For larger businesses — including national B2B firms — Google My Business acts as a powerful resource for curating and updating the facts contained within the Knowledge Graph by providing yet another location that you “own” where you can post information about your organization.
In this way, the primary benefit of Google My Business for national B2B firms is to provide an additional resource for interacting with and curating the knowledge panels that show up whenever someone searches for your business.
While B2B firms can still benefit from the local SEO features of Google My Business, the larger benefit is providing a centralizing resource where you can provide a wealth of facts and clues to Google about your organization. Because these clues come from a verified source (a property you “own”), Knowledge Graph will give more weight to them when displaying knowledge panels.
Combined with the information found on your website, in Google’s Search Console, and across your social media profiles, this setup can help provide a more holistic, up-to-date look at your organization as an entity in the SERPs.
In addition to acting as a window into the Knowledge Graph, Google My Business provides numerous other benefits to national B2B firms.
The first, and largest, benefit centers around Google My Business’s ability to manage numerous local profiles for offices around the country. In each of these local profiles you can list a variety of information for local residents, such as the specific office’s phone number, address, and hours. Since the knowledge graph panels are often the first thing users see when they search for your brand online, it’s critical that you provide accurate, up-to-date, and geographically relevant information on each of these profiles.
In doing so you can also improve your local SEO rankings by optimizing your offices in local search results. For example, while you may not rank for the more general keyword “construction firms,” you may be able to claim a top spot for local searches such as “construction firms near me” or “construction firms in Richmond, VA.”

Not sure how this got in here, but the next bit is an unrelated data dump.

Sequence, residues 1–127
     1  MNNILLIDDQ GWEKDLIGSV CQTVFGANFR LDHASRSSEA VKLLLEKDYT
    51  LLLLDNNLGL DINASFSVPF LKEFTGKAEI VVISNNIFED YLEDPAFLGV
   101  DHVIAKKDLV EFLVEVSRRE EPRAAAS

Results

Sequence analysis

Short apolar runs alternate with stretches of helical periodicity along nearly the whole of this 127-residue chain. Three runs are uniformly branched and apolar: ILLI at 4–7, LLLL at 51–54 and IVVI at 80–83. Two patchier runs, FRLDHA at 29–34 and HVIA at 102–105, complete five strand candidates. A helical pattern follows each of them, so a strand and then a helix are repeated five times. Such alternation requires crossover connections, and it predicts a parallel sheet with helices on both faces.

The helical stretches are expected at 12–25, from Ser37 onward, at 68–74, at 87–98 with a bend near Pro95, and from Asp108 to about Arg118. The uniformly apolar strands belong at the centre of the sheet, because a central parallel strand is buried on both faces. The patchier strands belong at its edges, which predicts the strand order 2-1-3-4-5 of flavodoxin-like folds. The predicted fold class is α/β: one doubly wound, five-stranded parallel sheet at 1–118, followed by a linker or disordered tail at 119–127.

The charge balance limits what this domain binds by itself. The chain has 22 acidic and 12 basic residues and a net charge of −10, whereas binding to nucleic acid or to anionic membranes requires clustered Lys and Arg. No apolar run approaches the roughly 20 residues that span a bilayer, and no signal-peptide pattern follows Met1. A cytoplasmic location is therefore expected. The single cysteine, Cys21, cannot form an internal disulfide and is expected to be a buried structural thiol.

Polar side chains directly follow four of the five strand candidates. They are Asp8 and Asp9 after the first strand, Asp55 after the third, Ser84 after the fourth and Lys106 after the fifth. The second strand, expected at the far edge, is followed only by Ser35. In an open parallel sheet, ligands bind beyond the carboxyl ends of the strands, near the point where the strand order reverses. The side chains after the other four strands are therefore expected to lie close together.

As another added benefit, Google My Business acts as a building block in creating a single, cohesive online presence for your brand. Much like how we discussed updating the Knowledge Graph earlier, Google My Business (and its related local business knowledge panel) acts as a way of providing relevant, timely information to your users in yet another format that they might find helpful.
For example, Google My Business provides limited posting functionalities, allowing you to publish social posts (similar to the ones on Facebook or LinkedIn) with news and updates about your organization. You can also upload images, service lists, and even videos to round out your brand’s presence in Google search results.
As one final benefit, Google My Business acts as a way of establishing trust with your audience. To reorient a little, imagine for a moment that someone searches for your business or a local office and can’t find a listing for it in Google (such as if the knowledge panel is missing). What would they think?
For many users, the lack of a knowledge panel or Google Maps result would indicate that the business doesn’t exist in their local area, and may even harm your reputation with local customers by making you seem hard to find or untrustworthy. On the other hand, a local office listing with tens or hundreds of positive reviews is an exceptionally positive trust factor that may even bring additional business into your firm.
In general, you should update your Google My Business listing every time something important changes regarding your business (such as an address or phone number). You should also schedule quarterly reviews of your Google My Business profile to ensure all of the information is accurate and up-to-date, in addition to regular reviews of the analytics and posts shared on the platform.
Altogether, managing a Google My Business profile only takes around an hour of work a month (at the most) and can have wide-reaching positive effects on your firm’s reputation online.
Because Google’s knowledge panels are so essential to visibility in the SERPs, it’s critical that you focus on leveraging these panels to their fullest potential. Google My Business is a centralized, powerful tool that can help national B2B firms curate the information in their knowledge panels, while simultaneously providing all the same benefits enjoyed by other businesses to the local offices and branches of the national firm.
Search engine optimization is all about making sure you get the right information in front of the right people at the right stage in their buying journey. Leveraging Google My Business to provide a more holistic look at your business is important because it provides you with a resource that only you control, allowing you to better curate and update the information provided on search engine results pages.